Political Theory

Liberty among Mass Men: The Political Thought of Albert Jay Nock


This conference explored the writings of Albert Jay Nock (1870–1945), a crucial though largely overlooked figure in the history of liberty in America. Conferees examined how his ideas regarding liberty and responsibility developed over his life, focusing especially on his views on the State.


From Liberty Fund

The State of the Union

by By Albert Jay Nock
Edited and with a Foreword by Charles H. Hamilton

This collection is the first chosen from Albert Jay Nock’s entire work and the first new collection in nearly thirty-five years. It includes his best-known essays, some outstanding but neglected articles, and previously unpublished material.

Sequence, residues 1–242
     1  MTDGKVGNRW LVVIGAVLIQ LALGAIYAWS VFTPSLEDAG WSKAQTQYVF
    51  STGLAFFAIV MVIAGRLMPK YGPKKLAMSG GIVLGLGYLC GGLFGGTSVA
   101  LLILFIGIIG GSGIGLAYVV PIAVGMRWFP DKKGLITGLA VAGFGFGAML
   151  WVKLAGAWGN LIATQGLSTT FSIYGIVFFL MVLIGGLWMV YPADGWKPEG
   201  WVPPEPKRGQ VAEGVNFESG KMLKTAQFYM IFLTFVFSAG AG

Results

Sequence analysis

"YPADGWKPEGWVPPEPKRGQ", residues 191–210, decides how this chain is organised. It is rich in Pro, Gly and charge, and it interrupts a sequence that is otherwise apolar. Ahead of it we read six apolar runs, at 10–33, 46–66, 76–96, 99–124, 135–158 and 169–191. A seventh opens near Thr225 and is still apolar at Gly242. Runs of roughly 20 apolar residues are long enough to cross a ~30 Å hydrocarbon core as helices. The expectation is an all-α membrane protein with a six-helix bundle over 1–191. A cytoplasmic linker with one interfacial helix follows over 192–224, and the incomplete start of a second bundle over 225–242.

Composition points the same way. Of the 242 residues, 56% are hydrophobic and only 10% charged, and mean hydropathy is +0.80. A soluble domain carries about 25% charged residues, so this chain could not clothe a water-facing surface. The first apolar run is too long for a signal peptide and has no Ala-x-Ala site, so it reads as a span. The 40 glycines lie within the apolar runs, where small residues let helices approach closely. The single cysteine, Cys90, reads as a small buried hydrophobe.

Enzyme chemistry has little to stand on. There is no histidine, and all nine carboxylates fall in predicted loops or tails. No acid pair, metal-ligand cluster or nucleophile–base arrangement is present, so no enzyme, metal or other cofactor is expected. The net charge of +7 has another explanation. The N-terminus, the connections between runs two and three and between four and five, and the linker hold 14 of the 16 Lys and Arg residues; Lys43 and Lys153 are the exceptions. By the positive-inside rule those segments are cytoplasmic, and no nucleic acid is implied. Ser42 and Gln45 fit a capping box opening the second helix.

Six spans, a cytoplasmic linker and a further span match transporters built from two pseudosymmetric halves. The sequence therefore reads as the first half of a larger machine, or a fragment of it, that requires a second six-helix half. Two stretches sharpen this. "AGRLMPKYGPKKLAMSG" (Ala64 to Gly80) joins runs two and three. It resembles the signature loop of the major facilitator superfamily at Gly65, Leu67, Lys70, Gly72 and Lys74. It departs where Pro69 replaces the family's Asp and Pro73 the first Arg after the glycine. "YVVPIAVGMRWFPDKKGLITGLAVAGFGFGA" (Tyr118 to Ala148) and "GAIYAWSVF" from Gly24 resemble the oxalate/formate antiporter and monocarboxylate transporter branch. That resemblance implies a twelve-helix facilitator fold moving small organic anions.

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Additional Readings

Crunden, Robert M., eds. Superfluous Men: Conservative Critics of American Culture, 1900-1945. Wilmington, Delaware: Intercollegiate Studies Institute, 1999.

George, Henry. Progress and Poverty. New York: Robert Schalkenbach Foundation, 1935.

Judis, John B. William F. Buckley, Jr: Patron Saint of the Conservatives. New York: Simon and Schuster, 1988.

Lukacs, John. “Our Enemy, the State?” The Wilson Quarterly (Spring 1996): 108-116.

Nock, Albert Jay. Memoirs of a Superfluous Man. New York: Harper Brothers, 1943.

Nock, Albert Jay. Snoring as a Fine Art and Twelve Other Essays. Rindge, New Hampshire: Richard R. Smith Publisher, 1958.

Oppenheimer, Franz. The State. Translated by John M. Gitterman. New York: B. W. Huebsch, 1922. http://oll.libertyfund.org/titles/oppenheimer-the-state (accessed July 7, 2014).